British papers face declining sales

British newspapers continues to lose circulation. AdWorld report linked above.

Thursday, August 25, 2011

Funniest 15 Apple ads during Jobs' reign

With the retirement of Steve Jobs, many are recalling the great ads produced by his firm over the years. Someone has listed "the funniest 15" ads during Jobs tenure. See them all.

Real journalists don't need a licence

The National Post's Chris Selley takes on the Quebec government's move to establish two-tier journalism. Excerpt:
"Most ludicrous is the notion that the Quebec government, or any other, wants to help "real" journalists by giving them better access to information. The only thing journalists should do with that idea is laugh at it. . . .
"Canadian media and journalists should be in full-scale revolt against this state of affairs. . . ."
More here:
The NatPost also has an editorial on the subject:

Curiously, no other paper has so far tackled this.

Wednesday, August 24, 2011

Steve Jobs resigns as Apple CEO

Steve Jobs, the co-founder and CEO of tech giant Apple Inc., announced Wednesday that he is resigning immediately after years of health problems.
“I have always said if there ever came a day when I could no longer meet my duties and expectations as Apple’s CEO, I would be the first to let you know,” Mr. Jobs said in a letter released Wednesday. “Unfortunately, that day has come.” Having first disclosed a cancer diagnosis in 2004, and having clung so long to the reins of Apple, news of his resignation will have many speculating his condition has taken a turn for the worse. Jobs asked to stay on as chairman of the board and “strongly” recommended that Apple install as his replacement the current chief operating officer, Tim Cook, who led the company through Jobs’s medical leaves of absence and who was considered by many to be the logical successor. Apple agreed on Wednesday to both requests.

Google to pay $500m over Canadian drug advertisements

Google is to pay out $500m to avoid going to court over claims it made hundreds of millions of dollars out of advertisements from Canadian pharmacies illegally selling prescription drugs such as Viagra to US consumers.

AP, Corbis team up in bid to profit from stock photos

The Associated Press and Corbis Images are teaming up in an attempt to make more money from a stockpile of photography that includes some of the world's most famous photos.The partnership, announced Tuesday, calls for the AP and Corbis Images to begin posting each other's photos in their online galleries beginning in early October. The websites, and, license the photos to be used by magazines, books, websites, advertisers and a variety of other buyers.Financial details of the arrangement between the AP and Corbis weren't disclosed. The agreement covers more than 10 million digital photos, with the AP and Corbis supplying about 5 million each.

Tuesday, August 23, 2011

Quebec wants to create "special status" journalists

Back in the 1980s, a number of third world countries were pushing for the licensing of journalists. The issue came up time and again in international organizations and was always firmly opposed by North American representatives.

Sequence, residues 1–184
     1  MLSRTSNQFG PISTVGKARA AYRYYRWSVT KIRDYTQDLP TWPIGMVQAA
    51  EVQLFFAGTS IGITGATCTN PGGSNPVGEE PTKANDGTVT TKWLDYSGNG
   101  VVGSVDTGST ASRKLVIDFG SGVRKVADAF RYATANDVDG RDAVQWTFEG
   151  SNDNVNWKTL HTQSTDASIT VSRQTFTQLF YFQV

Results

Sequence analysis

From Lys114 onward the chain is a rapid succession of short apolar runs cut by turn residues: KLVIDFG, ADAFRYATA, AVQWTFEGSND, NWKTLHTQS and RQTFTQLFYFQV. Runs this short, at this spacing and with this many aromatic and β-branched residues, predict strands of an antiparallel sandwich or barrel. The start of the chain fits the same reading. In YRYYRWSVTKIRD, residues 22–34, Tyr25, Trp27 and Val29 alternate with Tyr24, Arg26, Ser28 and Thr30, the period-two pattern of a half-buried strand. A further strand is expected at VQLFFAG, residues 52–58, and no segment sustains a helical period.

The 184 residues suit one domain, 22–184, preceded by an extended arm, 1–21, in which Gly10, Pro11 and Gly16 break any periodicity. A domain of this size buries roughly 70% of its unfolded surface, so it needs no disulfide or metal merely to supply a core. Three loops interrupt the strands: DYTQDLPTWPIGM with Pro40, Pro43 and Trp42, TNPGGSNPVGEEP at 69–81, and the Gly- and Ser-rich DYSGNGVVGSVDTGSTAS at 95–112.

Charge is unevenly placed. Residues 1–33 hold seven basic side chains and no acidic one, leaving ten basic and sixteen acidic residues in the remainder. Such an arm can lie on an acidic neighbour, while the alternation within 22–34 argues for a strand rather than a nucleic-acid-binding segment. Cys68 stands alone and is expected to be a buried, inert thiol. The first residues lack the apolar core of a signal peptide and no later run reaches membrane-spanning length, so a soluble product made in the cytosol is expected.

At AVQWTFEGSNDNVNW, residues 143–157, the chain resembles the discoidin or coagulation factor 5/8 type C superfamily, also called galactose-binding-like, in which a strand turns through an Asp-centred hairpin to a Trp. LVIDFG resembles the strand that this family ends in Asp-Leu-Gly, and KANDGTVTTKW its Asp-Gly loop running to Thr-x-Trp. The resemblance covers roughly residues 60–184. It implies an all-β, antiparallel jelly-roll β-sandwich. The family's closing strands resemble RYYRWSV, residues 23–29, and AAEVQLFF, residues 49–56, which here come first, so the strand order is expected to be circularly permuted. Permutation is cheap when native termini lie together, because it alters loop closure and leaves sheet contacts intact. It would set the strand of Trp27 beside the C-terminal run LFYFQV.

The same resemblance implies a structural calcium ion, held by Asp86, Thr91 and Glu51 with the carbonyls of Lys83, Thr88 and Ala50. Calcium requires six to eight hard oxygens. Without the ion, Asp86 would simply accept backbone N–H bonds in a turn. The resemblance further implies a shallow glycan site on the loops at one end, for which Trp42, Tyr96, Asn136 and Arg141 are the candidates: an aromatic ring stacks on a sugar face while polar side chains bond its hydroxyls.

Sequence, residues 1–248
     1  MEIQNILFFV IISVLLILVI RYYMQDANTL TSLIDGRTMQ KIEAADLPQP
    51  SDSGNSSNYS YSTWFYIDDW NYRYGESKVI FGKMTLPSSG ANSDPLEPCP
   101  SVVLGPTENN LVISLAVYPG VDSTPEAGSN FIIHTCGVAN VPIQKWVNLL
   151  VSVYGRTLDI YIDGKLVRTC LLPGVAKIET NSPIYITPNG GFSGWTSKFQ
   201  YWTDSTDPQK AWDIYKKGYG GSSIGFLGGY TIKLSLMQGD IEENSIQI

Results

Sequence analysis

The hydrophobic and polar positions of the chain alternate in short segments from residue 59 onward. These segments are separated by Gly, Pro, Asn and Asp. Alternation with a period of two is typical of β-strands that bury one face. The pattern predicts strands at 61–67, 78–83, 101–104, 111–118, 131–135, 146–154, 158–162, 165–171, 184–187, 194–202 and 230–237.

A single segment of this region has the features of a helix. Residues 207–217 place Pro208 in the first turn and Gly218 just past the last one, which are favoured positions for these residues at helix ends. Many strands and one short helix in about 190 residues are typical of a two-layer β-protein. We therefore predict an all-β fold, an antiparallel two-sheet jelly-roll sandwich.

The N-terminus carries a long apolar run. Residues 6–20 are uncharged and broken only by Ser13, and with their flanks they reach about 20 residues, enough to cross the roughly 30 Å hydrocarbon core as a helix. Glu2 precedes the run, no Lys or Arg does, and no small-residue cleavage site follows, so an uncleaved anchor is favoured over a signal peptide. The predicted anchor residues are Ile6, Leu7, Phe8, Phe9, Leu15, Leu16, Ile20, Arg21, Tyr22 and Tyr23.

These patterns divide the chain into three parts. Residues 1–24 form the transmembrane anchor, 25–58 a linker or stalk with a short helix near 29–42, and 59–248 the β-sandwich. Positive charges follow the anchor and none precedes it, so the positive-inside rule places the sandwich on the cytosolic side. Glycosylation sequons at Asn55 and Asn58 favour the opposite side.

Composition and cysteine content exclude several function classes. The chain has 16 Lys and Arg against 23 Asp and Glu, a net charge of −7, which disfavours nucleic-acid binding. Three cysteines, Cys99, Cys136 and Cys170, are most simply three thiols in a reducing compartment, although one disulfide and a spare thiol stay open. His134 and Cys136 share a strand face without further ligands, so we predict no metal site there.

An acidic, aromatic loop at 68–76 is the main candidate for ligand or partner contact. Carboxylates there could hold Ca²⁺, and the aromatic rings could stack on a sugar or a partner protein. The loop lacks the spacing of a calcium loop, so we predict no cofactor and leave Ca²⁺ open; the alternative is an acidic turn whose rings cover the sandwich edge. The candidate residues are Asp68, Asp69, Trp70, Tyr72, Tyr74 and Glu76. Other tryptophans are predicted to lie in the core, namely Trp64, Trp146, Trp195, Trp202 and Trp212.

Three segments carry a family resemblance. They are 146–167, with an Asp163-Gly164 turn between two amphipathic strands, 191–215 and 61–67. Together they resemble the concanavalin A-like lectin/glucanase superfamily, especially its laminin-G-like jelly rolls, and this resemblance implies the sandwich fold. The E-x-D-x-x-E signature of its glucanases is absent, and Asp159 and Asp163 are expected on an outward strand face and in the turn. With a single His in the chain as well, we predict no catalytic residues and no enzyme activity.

Now, as the National Post's Graeme Hamilton reports, Quebec's culture minister is pressing ahead with a proposal to give traditional journalists special status that smacks of licensing.

Hamilton writes:
"Who hasn’t experienced the mild annoyance of being passed over in favour of someone whose credit card is shinier or whose airline ticket is pricier?

"Soon, if a Quebec government proposal to award professional status to journalists goes ahead, it will be reporters’ turn to grumble as their elite-status colleagues jump to the front of the line.

"Quebec’s Culture Minister, Christine St-Pierre, announced this week that she is pushing forward with a plan to create “a new model of regulation of Quebec media.” Public consultations on the project will be held across Quebec this fall.

"Key to the plan would be legislation establishing the “status of professional journalist” in order to distinguish those committed to “serving the public interest” from “amateur bloggers.” It is proposed that state-recognized professional journalists would enjoy unspecified “advantages or privileges” not available to the great unwashed.

"La Presse reported that one of the privileges Ms. St-Pierre has in mind is “better access to government sources.” A consultation document published Monday asks: “Should the status of professional journalist be accompanied by privileges for the journalists as well as the companies that hire them? If yes, which [privileges]?”

"The government says it does not want to prevent anyone from practicing journalism. But it would create a separate class of journalists, who in exchange for their new privileges would have to respect certain criteria, yet to be defined. The new status would not be awarded directly by the state but by organizations representing journalists. . . .


She wore green and disappeared -- on the screen that is

GMA anchor Lara Spencer showed up wearing green - - and disappeared because of chromakey. Her director passed her a note saying "be less transparent." Green is a nono when appearing on TV!

Here is the video:

Quebec writer Gil Courtemanche dies